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(3rd LD) More doctors join strike amid virus resurgence, gov't steps back from hard-line stance

All News 21:33 August 24, 2020

(ATTN: ADDS info on participation rate of fellow doctors in para 4; UPDATES with more info in paras 7, 9)

SEOUL, Aug. 24 (Yonhap) -- More doctors joined an ongoing strike Monday in protest of the medical workforce reform scheme, bucking the government's offer for more talks to come back to work amid the resurgence of the new coronavirus outbreaks.

Interns and residents at major general hospitals have been staging an indefinite walkout nationwide since last week, calling for the government to scrap its plan to increase admission quotas at medical schools.

A number of physicians in fellowship training in Seoul's general hospitals also joined the walkout earlier in the day, including 288 fellow doctors at Seoul National University Hospital and more fellow doctors at Seoul Asan Medical Center.

Doctors at Seoul National University Hospital in Seoul hold signs on Aug. 23, 2020, in protest of the government's plan to increase medical school admission quotas. (Yonhap)

The health ministry said 151 of the 200 medical facilities across the country with doctors on staff reported a walkout taking place. It said of the 8,679 fellow doctors in such facilities, 6,021, or 69.4 percent, were on strike.

Amid an escalated friction, the Korean Intern and Resident Association (KIRA) representing trainee doctors met with Prime Minister Chung Sye-kyun and Health Minister Park Neunghoo on Sunday.

During the meeting, trainee doctors agreed to participate in medical services to respond to the novel coronavirus outbreak, signaling that KIRA members will return to work on a limited basis, while trying to resolve the pending problem through negotiations with the government.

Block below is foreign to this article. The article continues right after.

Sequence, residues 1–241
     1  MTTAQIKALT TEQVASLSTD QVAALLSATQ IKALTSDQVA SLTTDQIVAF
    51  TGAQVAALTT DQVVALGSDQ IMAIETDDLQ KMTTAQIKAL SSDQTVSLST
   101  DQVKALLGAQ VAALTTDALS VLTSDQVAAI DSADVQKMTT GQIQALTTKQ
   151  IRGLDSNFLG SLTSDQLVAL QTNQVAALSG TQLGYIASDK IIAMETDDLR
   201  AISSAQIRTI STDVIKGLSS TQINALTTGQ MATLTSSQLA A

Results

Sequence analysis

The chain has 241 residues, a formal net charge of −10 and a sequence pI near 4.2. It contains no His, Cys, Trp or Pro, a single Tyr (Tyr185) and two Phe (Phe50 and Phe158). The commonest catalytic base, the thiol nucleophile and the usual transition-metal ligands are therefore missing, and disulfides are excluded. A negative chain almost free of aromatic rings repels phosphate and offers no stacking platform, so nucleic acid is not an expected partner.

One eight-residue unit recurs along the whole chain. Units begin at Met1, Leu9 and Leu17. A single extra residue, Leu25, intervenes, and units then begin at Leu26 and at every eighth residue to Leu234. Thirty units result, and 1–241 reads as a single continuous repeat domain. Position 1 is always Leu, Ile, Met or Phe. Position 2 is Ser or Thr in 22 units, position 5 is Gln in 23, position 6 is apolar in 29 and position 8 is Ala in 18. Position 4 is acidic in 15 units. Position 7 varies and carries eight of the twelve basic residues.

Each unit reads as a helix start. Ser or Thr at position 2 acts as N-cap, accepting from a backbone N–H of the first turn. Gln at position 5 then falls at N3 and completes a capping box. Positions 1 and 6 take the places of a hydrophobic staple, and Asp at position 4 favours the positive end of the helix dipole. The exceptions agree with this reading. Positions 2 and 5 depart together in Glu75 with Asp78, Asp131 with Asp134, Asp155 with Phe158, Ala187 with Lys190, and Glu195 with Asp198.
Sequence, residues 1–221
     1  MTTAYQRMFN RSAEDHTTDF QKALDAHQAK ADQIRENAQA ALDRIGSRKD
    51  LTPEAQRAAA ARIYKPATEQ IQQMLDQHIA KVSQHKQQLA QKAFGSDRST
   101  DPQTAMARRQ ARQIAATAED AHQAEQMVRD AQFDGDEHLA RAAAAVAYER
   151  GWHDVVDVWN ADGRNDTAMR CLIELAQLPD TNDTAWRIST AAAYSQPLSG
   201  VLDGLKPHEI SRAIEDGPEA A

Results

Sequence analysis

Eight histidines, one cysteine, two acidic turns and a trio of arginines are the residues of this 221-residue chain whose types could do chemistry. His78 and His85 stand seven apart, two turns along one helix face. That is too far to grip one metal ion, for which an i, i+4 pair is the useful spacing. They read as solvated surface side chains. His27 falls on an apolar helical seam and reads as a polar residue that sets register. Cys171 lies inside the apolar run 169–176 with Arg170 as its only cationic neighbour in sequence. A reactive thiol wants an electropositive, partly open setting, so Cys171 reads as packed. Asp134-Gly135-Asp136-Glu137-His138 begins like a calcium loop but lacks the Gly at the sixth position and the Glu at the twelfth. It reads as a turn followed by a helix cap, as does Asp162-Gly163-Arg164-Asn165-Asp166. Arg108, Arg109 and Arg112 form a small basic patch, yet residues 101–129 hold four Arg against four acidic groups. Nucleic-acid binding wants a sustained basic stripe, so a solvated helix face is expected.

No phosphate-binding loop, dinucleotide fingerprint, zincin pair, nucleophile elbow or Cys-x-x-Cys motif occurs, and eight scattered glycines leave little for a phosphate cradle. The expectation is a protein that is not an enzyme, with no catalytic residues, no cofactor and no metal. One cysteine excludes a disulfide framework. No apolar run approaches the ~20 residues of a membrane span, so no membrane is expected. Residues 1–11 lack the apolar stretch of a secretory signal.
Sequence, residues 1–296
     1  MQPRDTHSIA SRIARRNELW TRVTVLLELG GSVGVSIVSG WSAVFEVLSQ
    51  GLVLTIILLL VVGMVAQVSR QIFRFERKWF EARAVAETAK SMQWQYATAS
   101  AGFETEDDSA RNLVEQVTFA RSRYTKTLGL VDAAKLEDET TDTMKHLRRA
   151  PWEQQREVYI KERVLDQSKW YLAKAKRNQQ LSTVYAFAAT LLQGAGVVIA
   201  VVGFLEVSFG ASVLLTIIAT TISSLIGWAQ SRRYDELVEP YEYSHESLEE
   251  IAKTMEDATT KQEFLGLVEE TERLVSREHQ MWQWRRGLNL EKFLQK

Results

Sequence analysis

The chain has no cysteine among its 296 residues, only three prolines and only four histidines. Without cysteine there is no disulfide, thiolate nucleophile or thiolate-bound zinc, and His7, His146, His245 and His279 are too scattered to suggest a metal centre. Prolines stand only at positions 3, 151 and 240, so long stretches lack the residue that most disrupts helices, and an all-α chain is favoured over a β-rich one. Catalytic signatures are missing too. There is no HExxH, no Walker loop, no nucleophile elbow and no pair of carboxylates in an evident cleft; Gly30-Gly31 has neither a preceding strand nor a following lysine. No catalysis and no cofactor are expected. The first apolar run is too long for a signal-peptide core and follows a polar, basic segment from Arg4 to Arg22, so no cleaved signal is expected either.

However, the Korean Medical Association (KMA), which represents 130,000 doctors, is scheduled to launch its second national walkout this week starting on Wednesday and running through Friday. Among the participants of the planned walkout include attendings at general hospitals and clinic doctors.

The government on Monday once again pleaded with young doctors, saying that they are open to any talks amid concerns that the strike can be prolonged amid a flare-up of novel coronavirus cases.

"We welcome the decision for some trainee doctors to resume their COVID-19 medical services and sincerely hope that they will return to their workplaces as soon as possible," Sohn Young-rae, a senior health official, said in a briefing. He said that while non-trainee doctors have joined the walkout, the government is in the process of trying to resolve outstanding issue so as not to disturb the timely provision of medical care.

On Monday, South Korea reported 266 new COVID-19 cases, bringing the total caseload to 17,665. However, the country is still bogged down with a series of cluster infections continuing in the greater Seoul area and other major cities.

Prime Minister Chung Sye-kyun (R) talks with representatives from the Korean Intern and Resident Association at the government office complex in Seoul on Aug. 23, 2020. (Yonhap)

In a bid to avert the nationwide strike, the prime minister and the health minister held another meeting with Choi Dae-zip, the head of the KMA, but it ended without tangible results.

After the 70-minute negotiations earlier in the day, Minister Park said, "There was a positive discussion," on outstanding issues.

The premier, who has consistently advocated dialogue, said that while government is willing to listen to views and make adjustments, it cannot just scrap the reform measures as demanded by doctors.

He then said that many doctors he talked to felt they were left out of the government's decision-making process, and conceded that this is something that could have been handled differently.

Reflecting the impasse, the head of the KMA said that despite the meeting, the walkout plan is still in effect.

"(The two sides) agreed to have immediate discussions on details between the health ministry and the KMA's working level," Choi said, adding that he was able to have honest talks on key issues, although participants were not able to narrow their differences.

As part of the country's medical workforce reform plan, the health ministry is planning to expand admission quotas at medical schools by 4,000 over the next 10 years, starting in 2022, and to open a new public medical school as it seeks to broaden the reach of health care services.

This will increase the number of students admitted annually to medical schools to 3,458 in the 2022-2031 period from the current 3,058, according to the plan.

They are also protesting the government's push for the establishment of public medical schools, a pilot project for supporting oriental medicine doctors and the introduction of telemedicine.


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